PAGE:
Proposition (4) is, however, not true where:(4) If God wills to create, then it is necessary that God wills to create.
Remembering that no necessity is placed upon God’s will from without, God’s necessity to create is correctly termed as a necessity of the consequence “insofar as, de potentia ordinata, God has bound himself to the counsel of his will.” God in His eternity, immutability, aseity and perfection decrees to create. God’s willing to create was not necessary in a logical sense, that is, God was not compelled out of a logical necessity to create. It is instead a necessity of the consequence (necessitas consequentiae), or as how the Reformed Scholastics would put it, conditional necessity.Now to answer the question, “Was Creation of the world necessary? Does the world necessarily exist?” Creation itself is necessary “in the derivative sense” as Muller aptly puts it, and therefore is a necessitas consequentiae by virtue of God’s decree and will. “For God’s eternal mind and will are immutable: the world must necessarily exist, but this is a necessity of the consequence or of supposition, resting upon the divine counsel or decision to create.”
Again, “there is no necessity that God decree what he decrees; but, granting the divine decree, God is bound to his own plan and promises. Therefore, the fulfillment of the divine plan and the divine promises is necessary, but by a necessitas consequentiae.”It is also important to note that, in creating, God contingently wills all that is contingent. His will to create is directed ad extra onto contingent objects (e.g. time, space, and matter), and hence, His creation is the contingent manifestation of His divine will and does not emanate from His being or substance. So Creation is not necessary in the sense that God is necessary – a necessary being and the First Cause (necessitas absoluta), but is a necessity of the consequence of God’s decree to create.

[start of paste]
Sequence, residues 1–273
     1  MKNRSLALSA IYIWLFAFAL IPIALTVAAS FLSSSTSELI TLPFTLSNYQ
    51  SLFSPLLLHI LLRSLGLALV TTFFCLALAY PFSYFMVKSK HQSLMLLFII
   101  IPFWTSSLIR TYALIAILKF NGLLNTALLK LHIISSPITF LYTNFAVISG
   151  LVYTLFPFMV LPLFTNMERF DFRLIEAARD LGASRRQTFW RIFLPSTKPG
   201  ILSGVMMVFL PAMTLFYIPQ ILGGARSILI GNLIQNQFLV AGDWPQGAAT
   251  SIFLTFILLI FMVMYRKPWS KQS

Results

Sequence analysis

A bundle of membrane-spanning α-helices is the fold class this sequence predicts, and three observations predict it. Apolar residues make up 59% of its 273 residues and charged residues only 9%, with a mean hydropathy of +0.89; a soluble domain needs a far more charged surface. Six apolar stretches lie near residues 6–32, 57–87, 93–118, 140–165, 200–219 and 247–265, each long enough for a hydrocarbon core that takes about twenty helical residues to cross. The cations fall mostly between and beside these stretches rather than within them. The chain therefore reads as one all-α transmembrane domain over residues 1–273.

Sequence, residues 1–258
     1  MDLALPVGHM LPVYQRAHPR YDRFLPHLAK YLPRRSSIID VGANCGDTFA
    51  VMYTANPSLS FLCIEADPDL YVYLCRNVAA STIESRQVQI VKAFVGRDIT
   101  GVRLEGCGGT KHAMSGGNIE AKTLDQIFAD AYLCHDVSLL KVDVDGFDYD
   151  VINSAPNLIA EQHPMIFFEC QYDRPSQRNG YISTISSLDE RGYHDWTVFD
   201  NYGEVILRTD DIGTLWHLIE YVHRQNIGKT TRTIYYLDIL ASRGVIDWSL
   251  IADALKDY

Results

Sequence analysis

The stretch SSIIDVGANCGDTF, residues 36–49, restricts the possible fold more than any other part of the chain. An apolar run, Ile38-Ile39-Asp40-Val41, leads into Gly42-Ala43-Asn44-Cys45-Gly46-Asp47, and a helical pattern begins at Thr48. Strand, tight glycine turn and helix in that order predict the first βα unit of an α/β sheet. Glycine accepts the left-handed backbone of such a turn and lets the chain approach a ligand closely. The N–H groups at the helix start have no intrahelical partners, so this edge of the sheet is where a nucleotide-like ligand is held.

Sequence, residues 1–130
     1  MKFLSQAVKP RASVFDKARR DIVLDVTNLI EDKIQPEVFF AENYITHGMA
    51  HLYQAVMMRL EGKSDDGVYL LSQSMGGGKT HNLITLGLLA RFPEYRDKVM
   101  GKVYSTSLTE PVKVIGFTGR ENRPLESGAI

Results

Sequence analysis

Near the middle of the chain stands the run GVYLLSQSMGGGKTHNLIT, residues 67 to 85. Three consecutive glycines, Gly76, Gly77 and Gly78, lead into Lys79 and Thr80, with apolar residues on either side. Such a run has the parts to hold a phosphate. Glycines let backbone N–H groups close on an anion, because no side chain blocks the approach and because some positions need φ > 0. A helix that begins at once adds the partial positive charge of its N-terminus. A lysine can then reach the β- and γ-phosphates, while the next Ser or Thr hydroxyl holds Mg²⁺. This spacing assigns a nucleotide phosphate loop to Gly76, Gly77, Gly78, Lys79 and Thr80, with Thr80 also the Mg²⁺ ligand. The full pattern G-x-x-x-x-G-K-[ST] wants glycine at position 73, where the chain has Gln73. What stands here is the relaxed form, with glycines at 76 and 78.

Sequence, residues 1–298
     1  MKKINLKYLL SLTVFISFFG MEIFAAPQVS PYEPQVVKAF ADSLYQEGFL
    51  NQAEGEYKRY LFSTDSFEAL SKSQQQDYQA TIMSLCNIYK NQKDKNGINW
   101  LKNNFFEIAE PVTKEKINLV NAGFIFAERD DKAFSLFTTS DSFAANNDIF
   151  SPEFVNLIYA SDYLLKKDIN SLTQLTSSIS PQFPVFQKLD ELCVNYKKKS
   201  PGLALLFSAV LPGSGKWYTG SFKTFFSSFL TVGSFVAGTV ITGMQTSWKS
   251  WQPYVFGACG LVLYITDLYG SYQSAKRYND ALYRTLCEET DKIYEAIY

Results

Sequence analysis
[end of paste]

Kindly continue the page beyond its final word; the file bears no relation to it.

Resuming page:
Van Asselt writes, “If the decision of the divine will is directed to contingent objects ad extra, then God’s will is contingent, too. In other words, God contingently wills all that is contingent. Created reality, therefore, is the contingent manifestation of divine freedom and does not necessarily emanate from God’s essence. For if this were the case, all things would coincide fundamentally with God’s essence, and the actual world would be an eternal world and the only one possible world.”
 Richard A. Muller, Post-Reformation Reformed Dogmatics: The Rise and Development of Reformed Orthodoxy; Volume 3: The Divine Essence and Attributes (Grand Rapids, MI: Baker Academic, 2003), 59–60.
 Ibid., 60.
 Ibid., 59.
 Ibid., 60.
 Richard A. Muller, Dictionary of Latin and Greek Theological Terms : Drawn Principally from Protestant Scholastic Theology (Grand Rapids, Mich.: Baker Book House, 1985), 200.
 Willem J. van Asselt, “‘The Abutment against Which the Bridge of All Later Protestant Theology Leans’: Scholasticism and Today,” in Introduction to Reformed Scholasticism, ed. Joel R. Beeke and Jay T. Collier, trans. Albert Gootjes, Reformed Historical-Theological Studies (Grand Rapids, MI: Reformation Heritage Books, 2011), 199.